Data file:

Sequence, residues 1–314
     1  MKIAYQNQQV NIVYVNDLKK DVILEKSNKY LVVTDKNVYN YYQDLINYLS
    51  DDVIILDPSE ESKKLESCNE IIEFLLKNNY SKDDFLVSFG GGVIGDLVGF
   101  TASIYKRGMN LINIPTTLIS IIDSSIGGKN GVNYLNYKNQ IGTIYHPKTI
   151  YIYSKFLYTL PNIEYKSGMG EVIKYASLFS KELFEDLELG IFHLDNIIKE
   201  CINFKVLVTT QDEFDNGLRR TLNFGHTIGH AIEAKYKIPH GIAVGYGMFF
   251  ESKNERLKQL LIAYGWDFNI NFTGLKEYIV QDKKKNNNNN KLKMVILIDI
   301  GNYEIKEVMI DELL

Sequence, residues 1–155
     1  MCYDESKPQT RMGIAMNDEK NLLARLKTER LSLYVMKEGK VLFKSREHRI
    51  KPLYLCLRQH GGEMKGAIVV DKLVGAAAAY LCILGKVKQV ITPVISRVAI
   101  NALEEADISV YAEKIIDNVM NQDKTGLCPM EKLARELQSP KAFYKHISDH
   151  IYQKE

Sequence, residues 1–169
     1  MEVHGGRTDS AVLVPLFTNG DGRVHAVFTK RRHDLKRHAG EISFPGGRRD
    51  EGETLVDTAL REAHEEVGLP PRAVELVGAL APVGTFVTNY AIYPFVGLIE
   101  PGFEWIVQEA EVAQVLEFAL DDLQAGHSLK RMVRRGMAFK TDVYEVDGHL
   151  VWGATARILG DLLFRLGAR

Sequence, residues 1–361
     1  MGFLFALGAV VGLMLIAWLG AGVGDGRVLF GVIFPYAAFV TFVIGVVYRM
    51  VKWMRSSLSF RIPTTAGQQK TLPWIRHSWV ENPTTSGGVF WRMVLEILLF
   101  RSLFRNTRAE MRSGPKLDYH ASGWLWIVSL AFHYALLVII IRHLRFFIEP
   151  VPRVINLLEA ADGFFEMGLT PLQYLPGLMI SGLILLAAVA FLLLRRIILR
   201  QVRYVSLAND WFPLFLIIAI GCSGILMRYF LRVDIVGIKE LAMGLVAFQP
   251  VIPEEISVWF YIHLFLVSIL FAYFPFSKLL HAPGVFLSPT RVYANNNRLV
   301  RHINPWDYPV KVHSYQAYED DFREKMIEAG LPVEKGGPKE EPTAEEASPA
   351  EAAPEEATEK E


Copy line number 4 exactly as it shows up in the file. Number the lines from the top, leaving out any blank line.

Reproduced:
   101  TASIYKRGMN LINIPTTLIS IIDSSIGGKN GVNYLNYKNQ IGTIYHPKTI